It was going to be Carlos Brathwaite’s year.
That year, 2011, started brilliantly for the 23-year-old allrounder when he made a half-century and took 7 for 90 in his first-class debut playing for the Combined Campuses and Colleges side.
It continued superbly with a consistent season that brought a haul of 26 wickets in his first eight matches, and it was set to finish on a high when he was selected in the West Indies squad travelling to Bangladesh in October.
Then, on the eve of the tour, his world crumbled.
While preparing for the trip at his family’s home, Brathwaite’s mother, Joycelyn, told him she was suffering from severe pain under her arm.
“We felt it and it felt like a lump,” said Brathwaite. “Me, personally, I prefer to go to a doctor and hear that nothing is wrong, as opposed to thinking nothing is wrong and then something is wrong.
“So I urged her to go to the doctor, and there were two lumps. One was cancerous.”
There was little time to absorb the news. Brathwaite was soon in Bangladesh, impressing selectors and earning his ODI and T20I debuts. But it was difficult to celebrate such success with Joycelyn battling breast cancer through bouts of chemotherapy.
Instead, Brathwaite shaved his head to show solidarity and sent the photos home to show his support.
“She took it better than I did,” Brathwaite says. “I was the one stressing all the time wondering if she was okay, crying at times, and she was always the one with a smile on her face.”
By late 2012, Joycelyn was in remission. Brathwaite nevertheless struggled during that period of time – he repeatedly refers to it as “the ordeal” – to juggle supporting his mother and establishing himself as an international cricketer.
“Through the ordeal I cried the whole night, slept away from home, because I couldn’t manage to stay with her and watch her going through it,” he said. “But she was really buoyant throughout, always smiling and cracking jokes.
“She is a very spiritual person, and she was always saying ‘Just keep faith and God will come through for you’. And her ordeal showed me what God can do, and that is why I have the faith I have.”
Brathwaite has not spoken publicly about his family’s experience until now, on the eve of Jane McGrath day at the Sydney Test, a match that now holds deep significance for him.
The day before the match, when the West Indies posed for team photos in the iconic baggy pink caps synonymous with this Test, Brathwaite noticed the delegation of nurses and breast cancer sufferers from the McGrath foundation. He immediately walked over and hugged each of them.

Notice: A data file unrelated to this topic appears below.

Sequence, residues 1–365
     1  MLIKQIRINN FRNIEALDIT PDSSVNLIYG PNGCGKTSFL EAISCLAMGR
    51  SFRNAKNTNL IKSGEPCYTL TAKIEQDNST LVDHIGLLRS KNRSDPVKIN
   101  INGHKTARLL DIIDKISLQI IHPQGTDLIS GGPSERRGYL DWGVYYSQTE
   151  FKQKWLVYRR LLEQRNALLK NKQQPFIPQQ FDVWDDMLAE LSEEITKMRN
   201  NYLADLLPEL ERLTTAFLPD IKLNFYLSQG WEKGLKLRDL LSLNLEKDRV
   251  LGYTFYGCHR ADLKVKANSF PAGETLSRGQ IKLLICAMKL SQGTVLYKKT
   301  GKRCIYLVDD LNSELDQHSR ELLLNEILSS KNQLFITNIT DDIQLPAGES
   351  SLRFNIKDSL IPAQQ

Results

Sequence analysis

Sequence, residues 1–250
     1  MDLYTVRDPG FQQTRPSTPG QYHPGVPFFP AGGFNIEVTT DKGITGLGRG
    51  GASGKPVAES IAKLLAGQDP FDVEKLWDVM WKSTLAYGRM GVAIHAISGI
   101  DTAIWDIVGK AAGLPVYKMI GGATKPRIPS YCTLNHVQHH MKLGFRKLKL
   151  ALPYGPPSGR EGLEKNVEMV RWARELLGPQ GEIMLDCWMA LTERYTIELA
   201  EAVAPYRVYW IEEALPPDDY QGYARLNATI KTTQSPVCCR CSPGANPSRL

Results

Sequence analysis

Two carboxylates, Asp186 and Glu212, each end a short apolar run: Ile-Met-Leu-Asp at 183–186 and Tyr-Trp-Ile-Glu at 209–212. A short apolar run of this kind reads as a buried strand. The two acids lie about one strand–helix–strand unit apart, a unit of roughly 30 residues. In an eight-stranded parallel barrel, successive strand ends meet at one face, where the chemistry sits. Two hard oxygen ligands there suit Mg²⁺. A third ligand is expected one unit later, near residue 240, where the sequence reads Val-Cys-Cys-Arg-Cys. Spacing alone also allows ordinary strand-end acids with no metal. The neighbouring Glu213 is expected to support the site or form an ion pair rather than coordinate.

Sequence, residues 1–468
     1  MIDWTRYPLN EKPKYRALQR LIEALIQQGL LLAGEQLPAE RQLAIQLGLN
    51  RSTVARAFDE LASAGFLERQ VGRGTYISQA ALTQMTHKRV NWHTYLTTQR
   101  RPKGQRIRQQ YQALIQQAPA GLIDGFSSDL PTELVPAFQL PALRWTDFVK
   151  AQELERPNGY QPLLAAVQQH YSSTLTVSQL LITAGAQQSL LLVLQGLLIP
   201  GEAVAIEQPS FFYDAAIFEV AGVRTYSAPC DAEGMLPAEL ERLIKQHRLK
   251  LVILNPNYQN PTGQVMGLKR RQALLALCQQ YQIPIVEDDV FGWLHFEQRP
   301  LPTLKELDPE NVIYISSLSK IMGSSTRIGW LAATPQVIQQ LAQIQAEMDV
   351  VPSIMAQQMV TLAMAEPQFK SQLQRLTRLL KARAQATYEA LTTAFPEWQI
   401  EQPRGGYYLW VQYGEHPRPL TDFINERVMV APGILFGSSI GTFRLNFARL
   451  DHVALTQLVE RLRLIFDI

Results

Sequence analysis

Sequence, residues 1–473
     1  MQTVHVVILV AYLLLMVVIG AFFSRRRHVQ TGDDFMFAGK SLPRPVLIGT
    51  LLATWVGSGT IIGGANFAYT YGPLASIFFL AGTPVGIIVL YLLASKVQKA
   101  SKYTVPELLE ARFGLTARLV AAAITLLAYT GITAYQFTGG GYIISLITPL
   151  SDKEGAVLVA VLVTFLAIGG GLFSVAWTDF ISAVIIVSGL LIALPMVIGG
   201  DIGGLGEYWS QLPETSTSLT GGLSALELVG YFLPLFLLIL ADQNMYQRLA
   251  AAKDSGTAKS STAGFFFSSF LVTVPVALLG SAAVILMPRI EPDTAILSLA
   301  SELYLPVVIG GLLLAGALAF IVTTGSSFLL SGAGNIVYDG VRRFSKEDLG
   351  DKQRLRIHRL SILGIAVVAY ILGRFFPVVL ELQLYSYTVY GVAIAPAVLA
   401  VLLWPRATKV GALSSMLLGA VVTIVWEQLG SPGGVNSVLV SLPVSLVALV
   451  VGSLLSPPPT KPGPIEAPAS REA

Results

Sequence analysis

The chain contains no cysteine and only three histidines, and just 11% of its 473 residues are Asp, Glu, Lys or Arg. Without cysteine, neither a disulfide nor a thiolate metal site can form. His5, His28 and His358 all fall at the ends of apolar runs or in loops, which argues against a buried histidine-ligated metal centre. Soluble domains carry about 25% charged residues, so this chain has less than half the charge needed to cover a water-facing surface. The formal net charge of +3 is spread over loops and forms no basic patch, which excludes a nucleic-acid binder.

“That was nice because I have not shared the emotion about breast cancer for a while because we don’t see it as my mum having breast cancer anymore. We just see her as a normal person,” Brathwaite said.
“Just to see someone who went through it and people that care for people going through it, I just felt the need to put my arm around them and say, ‘Thanks for the job you are doing.’ And then I went to the lady [with breast cancer] to say, ‘You are a fighter, you are a survivor and just keep going’.
“Sometimes people need those encouraging words. It may not be a royal speech but they might just need a word or two to lift the spirits, lift the day and have an impact on their life.”
Brathwaite has brought much-needed energy to this West Indies outfit and followed up a half-century on debut in Melbourne with another at the SCG. But this one had much greater significance. Having made 35 on the opening day, the allrounder provided the highlight of a gloomy, rain-sodden day with a swashbuckling 69 runs off 71 balls.
“[Mum] messaged me and said the first 50 was for her,” he said. “So overnight she was telling me that I have 35 of her runs, so get the other 15 today and then start over fresh for mine.”
While Braithwaite’s father, Chesterfield, had a major influence in his cricket career, his mother was the calming influence whenever things weren’t going well.
“One is Jekyll and one is Hyde. When they came together it makes the perfect parent,” Brathwaite said with a smile.
And it is his mother’s experience that has taught him life skills, which he tries to apply at training and on the field.
“Definitely discipline, to see the way she has had to be disciplined throughout the ordeal and then ultimately after the ordeal,” he said. “It is probably something she will have to live with for the rest of her life.
“It is something I have been trying to work on for the longest while now, trying to do things that you have to do, not because you want to do it. Also, the faith and the charity that she shows.
“You know, we have a lot of battles on the field, some battles even off the field, and the way that she handled her battle, keeping a smile on her face and looking to the father for help, that is something I also cherish and something I try to put in my life as well.
“She is always the person that I can defer to. Even if she does not have a response she will have a listening ear, so she has been a very, very important part in my life, not just my career.”
Joceylyn now plans to record a video for the McGrath Foundation, offering support and encouragement to breast cancer sufferers. Her son has his own message to families suffering the ordeal.
“My family is a very close knit group, we are very supportive, and it is about supporting a person through that time.
“It is also about the person having a positive outlook. A lot of doctors told my mum that her process was sped up because of her positive outlook, always smiling and laughing.”
Amid all the traditional celebrations that take place before play on Jane McGrath day, and surrounded by pink-clad fans, Brathwaite’s thoughts will undoubtedly turn towards his mother back home.
“I do not want to separate the occasion from the actual game itself,” he said. “But it means a lot to see the pink all around the ground and to know what we are playing for.”